Peter A. Pinto, MD

Peter A. Pinto, MD

U.S. National Institutes of Health

Bethesda, MD

Peter A. Pinto, MD, is an Investigator and faculty member in the Urologic Oncology Branch of the National Cancer Institute in Bethesda, Maryland. Following a residency in Urologic Surgery at Long Island Jewish Medical Center - Albert Einstein College of Medicine in New York, he was a Fellow and Clinical Instructor at the Brady Urologic Institute at Johns Hopkins Hospital in Baltimore, Maryland. Dr. Pinto is a board-certified urologic surgeon specializing in oncology and is the Director of the Urologic Oncology Fellowship Program at the National Cancer Institute. He is nationally and internationally recognized as an expert in the minimally invasive treatment of urologic cancers, specializing in laparoscopic and robotic surgery for prostate, kidney, bladder, and testicular cancer.


Talks by Peter A. Pinto, MD

Focal and Salvage Therapies for Prostate Cancer: What’s Worth It and What’s Not?

Peter A. Pinto, MD, examines the current state of focal and salvage therapies for the treatment of prostate cancer, and offers his insights into which therapies are worth pursuing. He begins by addressing various kinds of salvage therapy, acknowledging that salvage therapy is a response to failed focal, radiation, or surgical therapy, and specifying that this presentation will focus on salvage therapy after failed radiation therapy.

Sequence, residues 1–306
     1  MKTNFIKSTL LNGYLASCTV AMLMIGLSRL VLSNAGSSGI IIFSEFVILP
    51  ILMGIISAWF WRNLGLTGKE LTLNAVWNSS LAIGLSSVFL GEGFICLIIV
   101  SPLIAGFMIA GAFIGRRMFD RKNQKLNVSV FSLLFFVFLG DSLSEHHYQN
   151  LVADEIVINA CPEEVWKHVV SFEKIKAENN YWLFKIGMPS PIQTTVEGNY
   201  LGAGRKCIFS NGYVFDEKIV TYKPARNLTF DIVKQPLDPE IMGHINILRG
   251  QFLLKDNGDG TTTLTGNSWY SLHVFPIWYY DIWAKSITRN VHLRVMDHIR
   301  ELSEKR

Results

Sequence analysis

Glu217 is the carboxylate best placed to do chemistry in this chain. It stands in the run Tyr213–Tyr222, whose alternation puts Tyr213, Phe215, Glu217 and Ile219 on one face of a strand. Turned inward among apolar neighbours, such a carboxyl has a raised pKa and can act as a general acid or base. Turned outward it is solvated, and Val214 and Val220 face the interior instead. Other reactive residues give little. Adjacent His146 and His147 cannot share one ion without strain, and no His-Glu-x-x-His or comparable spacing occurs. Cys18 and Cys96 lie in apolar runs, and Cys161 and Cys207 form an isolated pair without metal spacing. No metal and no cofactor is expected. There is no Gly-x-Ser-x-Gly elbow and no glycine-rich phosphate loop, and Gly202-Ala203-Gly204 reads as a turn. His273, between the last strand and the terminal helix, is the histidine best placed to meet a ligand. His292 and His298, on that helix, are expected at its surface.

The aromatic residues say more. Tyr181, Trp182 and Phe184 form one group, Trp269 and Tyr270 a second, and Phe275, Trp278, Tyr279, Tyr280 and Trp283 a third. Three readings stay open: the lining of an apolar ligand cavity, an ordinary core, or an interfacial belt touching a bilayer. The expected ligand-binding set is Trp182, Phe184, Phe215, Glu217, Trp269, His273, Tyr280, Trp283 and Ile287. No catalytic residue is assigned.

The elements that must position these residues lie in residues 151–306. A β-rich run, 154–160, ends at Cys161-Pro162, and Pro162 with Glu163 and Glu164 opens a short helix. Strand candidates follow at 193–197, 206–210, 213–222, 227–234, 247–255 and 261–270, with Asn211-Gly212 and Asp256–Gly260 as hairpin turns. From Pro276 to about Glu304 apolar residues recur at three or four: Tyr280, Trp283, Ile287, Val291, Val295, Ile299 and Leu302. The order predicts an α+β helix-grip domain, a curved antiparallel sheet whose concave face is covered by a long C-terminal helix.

Dr. Pinto explains that focal ablation therapy, whole gland ablation therapy, and surgical therapy are the most common salvage therapies after a radiation therapy failure. He recommends using an MRI-based biopsy method over more traditional methods to maximize accuracy in identifying lesions.

Dr. Pinto then recommends focal ablation over whole gland ablation as a salvage therapy after failed radiation therapy due to the high morbidity associated with whole gland ablation. Dr. Pinto concludes by listing the many ablation options for salvage therapy, and presents studies which examined the pros and cons of each option, offering his insights on each study.

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Should MRI Be Used to Monitor for AS? Pro Argument

Peter A. Pinto, MD, argues that MRI can help select prostate cancer patients for active surveillance (AS). While MRI has some limitations, with proper application, it can reduce patient and urologist anxiety, repeat biopsies, and amount of cores taken during AS. Subsequently, this will reduce morbidity, bleeding, erectile dysfunction, and infections related to biopses.

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